economic surplus(redirected from Surplus (economics))
Also found in: Financial.
economic surplusthe difference between what a country produces and what it consumes. This is a key concept in the work of the US Marxist economist, Paul Baran, and was developed by Baran and Paul Sweezy in their theory of MONOPOLY CAPITALISM (1966) and taken up by FRANK in UNDERDEVELOPMENT theory. Baran (1957) distinguished between three forms of economic surplus:
- actual economic surplus, which occurs in all societies, and is ‘the difference between society's actual current output and actual current consumption’. Thus, the surplus is accumulated in savings and investments;
- potential economic surplus, being the difference between what could be produced in a given environment and ‘what might be regarded as essential consumption’. This applies mainly to capitalist economies and is only realizable under reorganization of social arrangements. Economic surplus is lost because of excessive consumption, the existence of unproductive workers, poor organization of existing production processes and labour unemployment. In the THIRD WORLD, excessive consumption by élite groups eats up economic surplus, and in the monopoly capitalist countries, arms expenditure acts similarly;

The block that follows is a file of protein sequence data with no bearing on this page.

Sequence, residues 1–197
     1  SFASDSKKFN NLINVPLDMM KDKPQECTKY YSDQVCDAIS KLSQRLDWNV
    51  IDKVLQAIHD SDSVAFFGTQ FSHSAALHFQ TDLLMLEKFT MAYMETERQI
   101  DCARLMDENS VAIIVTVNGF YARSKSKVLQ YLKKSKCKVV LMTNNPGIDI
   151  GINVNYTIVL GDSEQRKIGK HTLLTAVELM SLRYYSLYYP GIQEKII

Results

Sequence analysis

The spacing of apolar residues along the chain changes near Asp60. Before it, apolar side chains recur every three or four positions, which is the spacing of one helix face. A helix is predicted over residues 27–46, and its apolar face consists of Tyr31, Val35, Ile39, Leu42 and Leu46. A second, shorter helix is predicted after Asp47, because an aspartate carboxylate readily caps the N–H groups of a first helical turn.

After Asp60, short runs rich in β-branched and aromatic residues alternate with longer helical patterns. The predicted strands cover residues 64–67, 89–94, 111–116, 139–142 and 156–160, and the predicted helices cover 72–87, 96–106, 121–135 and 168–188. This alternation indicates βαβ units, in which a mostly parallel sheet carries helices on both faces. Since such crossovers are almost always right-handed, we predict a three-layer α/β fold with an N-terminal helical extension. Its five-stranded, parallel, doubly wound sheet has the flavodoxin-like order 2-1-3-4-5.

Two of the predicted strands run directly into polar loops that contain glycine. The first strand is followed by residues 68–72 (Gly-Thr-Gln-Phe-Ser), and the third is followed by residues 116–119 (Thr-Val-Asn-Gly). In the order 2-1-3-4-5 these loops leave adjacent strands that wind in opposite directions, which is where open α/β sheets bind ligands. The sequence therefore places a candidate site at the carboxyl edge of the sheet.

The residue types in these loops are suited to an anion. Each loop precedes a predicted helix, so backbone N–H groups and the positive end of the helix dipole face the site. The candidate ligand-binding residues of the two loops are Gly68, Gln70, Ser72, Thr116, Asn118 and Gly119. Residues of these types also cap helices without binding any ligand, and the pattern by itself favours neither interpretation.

- planned economic surplus, which applies to economic planning under socialism. (Baran's definition is, ‘the difference between society's “optimum” output obtainable in a historically given natural and technological environment under conditions of planned “optimal” utilization of all available productive resources, and some chosen “optimal” volume of consumption’.) This assumes both a completely efficient use of resources, and control over consumption such that decisions can be made to produce whatever economic surplus is desired.
Many problems have been identified with this usage. Baran recognized that there were problems with measurement, but, despite his optimism, these have not been resolved, so that the OPERATIONALIZATION of the concept remains problematic. It is especially unclear how potential economic surplus can be measured. The notion has an intuitive appeal, but quantifying this is probably impossible. His concept of planned economic surplus seems utopian in the light of the experience of existing socialist societies, whose planning has been associated with excessive wastage and inefficient usage of resources. Further, whilst Baran claims to build on Marxian concepts, the relationship of this concept to those of SURPLUS VALUE and the LABOUR THEORY OF VALUE are tenuous.